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What exactly is overclocking and should you try it?

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What exactly is overclocking and should you try it?

Published on May 12, 2019 by Sandipan Das

If you’re looking to enhance your computer’s performance without having to spend another dollar on a hardware upgrade, you’ve hit the jackpot landing here. Overclocking is a great way to squeeze out additional performance from your existing CPU configuration without having to spend a single buck on it. Don’t know what overclocking is? I’ve got you covered. Read on to find out more about this curious concept and its brilliant applications.

What is overclocking?

In simple terms, overclocking is the art of tweaking your motherboard’s settings in order that your CPU performs at higher speeds than what it’s supposed to run at. In general, overclocking comes in handy if you’re using your computer for resource-intensive applications such as video editing or in high-end gaming scenarios. Sounds exciting right? Because it is. But of course, if tweaking and playing around with your system architecture is your go-to-thing, this article shall help you as well.

A word of caution: Overclocking has its risks, and don’t go around tinkering with your system unless you’re prepared to ? handle the consequences, which can be costly at times. Which CPUs can be overclocked? Now that you know what overclocking means, you might be curious as to which CPUs permit overclocking because not all CPU manufacturers are too happy to allow it.

If you’re an Intel fan, try looking for any CPUs whose model name ends with K. Examples of such Intel-based CPUs that support overclocking are:

  • Core i9–10900K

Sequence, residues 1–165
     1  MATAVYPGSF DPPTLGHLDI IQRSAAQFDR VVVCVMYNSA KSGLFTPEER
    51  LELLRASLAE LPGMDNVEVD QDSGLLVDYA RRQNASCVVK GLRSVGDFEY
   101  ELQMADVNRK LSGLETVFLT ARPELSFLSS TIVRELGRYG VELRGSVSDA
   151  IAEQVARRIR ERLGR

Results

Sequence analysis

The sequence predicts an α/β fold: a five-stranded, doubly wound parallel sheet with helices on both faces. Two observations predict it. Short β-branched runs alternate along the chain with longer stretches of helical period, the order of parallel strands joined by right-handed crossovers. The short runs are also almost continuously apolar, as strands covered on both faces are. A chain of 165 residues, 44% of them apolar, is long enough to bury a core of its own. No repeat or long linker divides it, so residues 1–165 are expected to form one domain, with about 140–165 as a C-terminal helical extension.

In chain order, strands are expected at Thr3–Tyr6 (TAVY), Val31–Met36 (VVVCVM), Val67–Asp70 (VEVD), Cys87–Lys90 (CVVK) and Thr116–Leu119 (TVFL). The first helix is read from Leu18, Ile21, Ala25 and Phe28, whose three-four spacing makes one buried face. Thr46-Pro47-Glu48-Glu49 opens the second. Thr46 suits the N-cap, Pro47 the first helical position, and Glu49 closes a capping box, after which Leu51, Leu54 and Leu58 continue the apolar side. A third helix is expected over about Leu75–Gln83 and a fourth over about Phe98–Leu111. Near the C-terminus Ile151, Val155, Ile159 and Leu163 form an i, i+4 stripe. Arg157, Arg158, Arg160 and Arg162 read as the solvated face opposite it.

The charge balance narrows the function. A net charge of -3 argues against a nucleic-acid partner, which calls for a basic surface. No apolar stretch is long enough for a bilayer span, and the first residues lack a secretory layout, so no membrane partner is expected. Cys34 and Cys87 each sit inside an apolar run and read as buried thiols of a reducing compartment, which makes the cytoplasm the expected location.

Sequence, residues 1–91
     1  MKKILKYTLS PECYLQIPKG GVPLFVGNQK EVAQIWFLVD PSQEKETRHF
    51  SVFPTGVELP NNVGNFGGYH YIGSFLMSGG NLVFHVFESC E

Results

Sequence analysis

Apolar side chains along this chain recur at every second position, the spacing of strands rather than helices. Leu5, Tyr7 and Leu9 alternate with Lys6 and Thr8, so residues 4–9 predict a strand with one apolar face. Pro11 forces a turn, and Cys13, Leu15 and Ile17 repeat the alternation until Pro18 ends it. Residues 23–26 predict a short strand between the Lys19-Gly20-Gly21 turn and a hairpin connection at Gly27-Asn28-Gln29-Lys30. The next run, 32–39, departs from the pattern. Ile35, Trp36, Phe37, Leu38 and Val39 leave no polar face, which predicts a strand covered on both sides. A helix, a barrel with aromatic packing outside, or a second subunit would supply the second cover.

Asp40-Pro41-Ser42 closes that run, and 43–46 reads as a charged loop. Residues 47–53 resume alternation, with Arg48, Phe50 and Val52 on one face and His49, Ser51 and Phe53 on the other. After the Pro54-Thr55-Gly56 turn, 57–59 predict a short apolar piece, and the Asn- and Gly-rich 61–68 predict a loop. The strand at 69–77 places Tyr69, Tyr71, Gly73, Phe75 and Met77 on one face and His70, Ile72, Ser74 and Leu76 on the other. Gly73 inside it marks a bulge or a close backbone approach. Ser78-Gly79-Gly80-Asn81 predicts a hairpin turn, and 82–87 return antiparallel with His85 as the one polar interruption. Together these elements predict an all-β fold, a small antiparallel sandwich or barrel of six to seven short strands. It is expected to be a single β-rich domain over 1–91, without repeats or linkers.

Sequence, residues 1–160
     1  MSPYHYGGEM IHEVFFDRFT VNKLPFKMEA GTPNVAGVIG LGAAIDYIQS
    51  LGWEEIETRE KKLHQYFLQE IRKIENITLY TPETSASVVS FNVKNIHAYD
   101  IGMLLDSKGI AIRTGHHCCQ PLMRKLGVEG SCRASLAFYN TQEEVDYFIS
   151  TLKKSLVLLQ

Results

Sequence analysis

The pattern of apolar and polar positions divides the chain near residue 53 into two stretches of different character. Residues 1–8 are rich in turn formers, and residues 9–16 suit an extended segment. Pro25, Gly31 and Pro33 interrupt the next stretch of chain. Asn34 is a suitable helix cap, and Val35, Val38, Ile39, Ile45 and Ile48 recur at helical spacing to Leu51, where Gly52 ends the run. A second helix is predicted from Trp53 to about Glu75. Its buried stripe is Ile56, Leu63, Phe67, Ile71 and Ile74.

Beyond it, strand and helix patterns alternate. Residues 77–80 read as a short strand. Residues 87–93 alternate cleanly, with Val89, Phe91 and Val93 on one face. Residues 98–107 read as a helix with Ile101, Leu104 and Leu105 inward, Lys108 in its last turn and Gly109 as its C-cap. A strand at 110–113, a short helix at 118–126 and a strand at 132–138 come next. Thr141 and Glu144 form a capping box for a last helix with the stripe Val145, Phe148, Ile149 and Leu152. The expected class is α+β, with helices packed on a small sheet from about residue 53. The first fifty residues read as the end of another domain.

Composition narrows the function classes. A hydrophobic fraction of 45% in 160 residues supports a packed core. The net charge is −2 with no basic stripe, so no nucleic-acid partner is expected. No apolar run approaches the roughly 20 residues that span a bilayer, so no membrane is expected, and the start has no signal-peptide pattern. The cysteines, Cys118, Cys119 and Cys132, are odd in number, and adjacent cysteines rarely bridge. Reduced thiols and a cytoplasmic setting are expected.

• Core i7–10700K
  • Core i5–10600K

AMD trusts its users far more than its Intel counterpart. So much so that AMD allows you to overclock almost any Ryzen processor with all of their chipsets except for A320. CRAZY RIGHT?

Golden Rule: Always remember to verify your CPU or motherboard on the manufacturer’s official website, so you can be sure if it’s unlocked for overclocking!!

You’ll also have to look for a compatible motherboard to support your CPU overclocking. Coming back to the question of Intel vs AMD Ryzen, the answer to motherboard compatibility lies below:

  • Intel: FIND a motherboard that features a ‘Z’ in its chipset name, such as the Z170 motherboard.
  • AMD: MOST of their motherboards are overclock-enabled, but don’t forget the GOLDEN RULE stated above.

Why should you overclock your CPU?

I’ll be honest with you here. Overclocking your CPU boosts your computer performance for zero extra bucks. PERIOD. Also, if you’re still not convinced, this should convince you. Overclocking can enable any computer user to churn out anywhere from 2% to up to 20% performance boost (or EVEN MORE for a decent overclock!!). That’s a pretty strong reason for overclocking, at least for me.

What exactly are you overclocking inside your CPU?

CPU multiplier:

CPU multiplier is a device inside your CPU that multiplies the base clock value inside your motherboard (usually 100 MHz). For example, a multiplier of 28(x100 MHz) gets you a 2.8 GHz clock speed. Now, with overclocking, you can actually increase this multiplier count keeping a close eye on your system stability throughout. Don’t forget to stress test your system after every increment as it will help determine whether your system is stable enough to handle the overclocked multiplier count.

Some of the best tools for stress testing out there are as follows:

  • Prime95
  • IntelBurn Test